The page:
Incorporating Ethics into Everyday Work in Local Government

This month's "facts and stats" features highlights from the ICMA Ethics in Local Government survey.

BLOG POST | Mar 25, 2019

by Rebecca DeSantis, content and engagement coordinator, ICMA

As ICMA celebrates 95 years of the Code of Ethics, we reflect on how we develop and support ethical local government professionals as a core value in ICMA's mission to advance the profession of local government management. Since the development of our Code of Ethics in 1924, ICMA has built an extensive collection of advice on ethics issues, case studies, and model local government documents.

By partnering with Sacramento State University to dive deeper into our understanding of ethics policies at the local level, ICMA tracked the current status of ethics standards and policies, staffing, and training in local governments in the 2018 Ethics in Local Government Survey. This survey, distributed to ICMA member chief administrative officers to answer on behalf of their local governments, offers new insights into how local governments are building trust and ensuring ethical behavior.

Many of our members and their jurisdictions are working hard to incorporate ethics into all aspects of their work in local government. Here are some stats from our recent survey with highlights of a few communities influencing public trust with their day-to-day conduct.

Overall, 78% of responding local governments provide some form of ethics training to elected officials, staff, or board/commission members.

Snoqualmie, Washington, hired ICMA to conduct ethics training for the entire city workforce in November 2018. The training focused on elements of the city’s code of conduct.

Because the commitment to ethics begins at the top, Mt. Pleasant, South Carolina, included ethics training for its leadership team at its annual retreat. This was the prelude to an initiative to review and update the city’s ethics policies. This training was also provided by ICMA.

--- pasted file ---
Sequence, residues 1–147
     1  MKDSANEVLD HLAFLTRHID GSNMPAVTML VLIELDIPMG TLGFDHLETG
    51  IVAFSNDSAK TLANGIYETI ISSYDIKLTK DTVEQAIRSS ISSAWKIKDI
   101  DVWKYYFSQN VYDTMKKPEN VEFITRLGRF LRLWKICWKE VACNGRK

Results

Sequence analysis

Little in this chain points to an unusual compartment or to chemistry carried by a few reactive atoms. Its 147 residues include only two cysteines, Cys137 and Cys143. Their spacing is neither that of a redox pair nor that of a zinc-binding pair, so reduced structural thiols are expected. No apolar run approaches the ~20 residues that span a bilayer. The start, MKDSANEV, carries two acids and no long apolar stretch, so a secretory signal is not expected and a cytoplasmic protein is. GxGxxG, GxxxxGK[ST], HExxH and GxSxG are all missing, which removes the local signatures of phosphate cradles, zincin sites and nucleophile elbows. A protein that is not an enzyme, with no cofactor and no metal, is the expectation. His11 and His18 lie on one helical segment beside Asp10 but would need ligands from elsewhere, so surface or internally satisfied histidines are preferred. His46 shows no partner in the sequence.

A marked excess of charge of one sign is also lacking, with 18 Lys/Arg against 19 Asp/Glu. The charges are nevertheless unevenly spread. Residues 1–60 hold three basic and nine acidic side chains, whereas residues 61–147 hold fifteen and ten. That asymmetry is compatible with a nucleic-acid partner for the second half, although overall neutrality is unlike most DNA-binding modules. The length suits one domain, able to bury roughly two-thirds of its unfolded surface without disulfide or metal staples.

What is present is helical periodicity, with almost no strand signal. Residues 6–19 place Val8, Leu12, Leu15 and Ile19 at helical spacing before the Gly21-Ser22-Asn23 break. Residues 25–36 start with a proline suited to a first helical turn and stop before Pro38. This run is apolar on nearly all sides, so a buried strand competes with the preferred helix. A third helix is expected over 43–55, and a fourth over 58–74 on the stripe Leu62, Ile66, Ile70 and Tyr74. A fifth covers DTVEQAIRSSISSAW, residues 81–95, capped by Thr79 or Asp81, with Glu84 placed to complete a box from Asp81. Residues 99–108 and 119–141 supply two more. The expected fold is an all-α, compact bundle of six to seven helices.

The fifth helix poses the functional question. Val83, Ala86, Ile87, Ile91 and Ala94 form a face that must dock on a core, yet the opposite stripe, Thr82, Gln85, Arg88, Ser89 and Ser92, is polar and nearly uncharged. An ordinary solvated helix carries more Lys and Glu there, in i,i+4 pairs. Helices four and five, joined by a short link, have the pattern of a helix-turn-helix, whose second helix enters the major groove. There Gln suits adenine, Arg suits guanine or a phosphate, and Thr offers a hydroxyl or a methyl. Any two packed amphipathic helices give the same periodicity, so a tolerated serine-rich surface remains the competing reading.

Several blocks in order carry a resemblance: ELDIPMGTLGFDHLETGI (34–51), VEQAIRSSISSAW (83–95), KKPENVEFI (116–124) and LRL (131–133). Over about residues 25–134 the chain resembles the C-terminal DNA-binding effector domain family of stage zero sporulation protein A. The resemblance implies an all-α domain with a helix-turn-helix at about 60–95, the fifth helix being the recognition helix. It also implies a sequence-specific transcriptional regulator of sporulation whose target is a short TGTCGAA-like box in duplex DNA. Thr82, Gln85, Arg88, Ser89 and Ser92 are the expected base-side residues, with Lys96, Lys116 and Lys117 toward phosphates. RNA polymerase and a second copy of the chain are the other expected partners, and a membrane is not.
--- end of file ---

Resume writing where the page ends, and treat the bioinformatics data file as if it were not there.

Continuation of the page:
55% of responding local governments have an established process for reporting ethics issues.

Chesterfield County, Virginia, has a fully integrated an ethics, fraud, and whistleblowing program. The program is built on the foundation of a well-defined set of ethical standards and expectations for all employees and officials. To encourage reporting of potential ethical issues or outright fraud, complaints can be reported one of five ways: in person, by phone, by FAX, by mail, or online. Mechanisms are in place on all electronic reporting avenues to conceal the identity of the complainant.

48% of responding local governments incorporate ethics in the employee recruitment and selection process.

Hiring employees with strong ethical standards is part of the ethics ecosystem of Fort Collins, Colorado. The city’s commitment to building an ethical organization is included in the job announcement, job descriptions, and interview questions. When the final selection is made, the city’s expectations about its values is incorporated into the onboarding program.

 

Read more insights into the results of the 2018 Ethics Survey in the March 2019 edition of Local Government Review.

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Keep the conversation about ethics going by joining us for a free webinar!

Ethics in Action-When It's Your Duty to Say "No" is part of the ICMA Coaching Program Webinar Series. Join us on April 10, 2019, 2-3:30PM ET, to disucss the most prevalent ethical issues, how to spot them, and when you need to say "no." Speakers include Martha Perego, director of Member Servces and Ethics, ICMA; Nick Finan, TCMA ethics chair, Texas City, Texas; and Bruce Messelt, county administrator, Chisago County, Minnesota. Register today!


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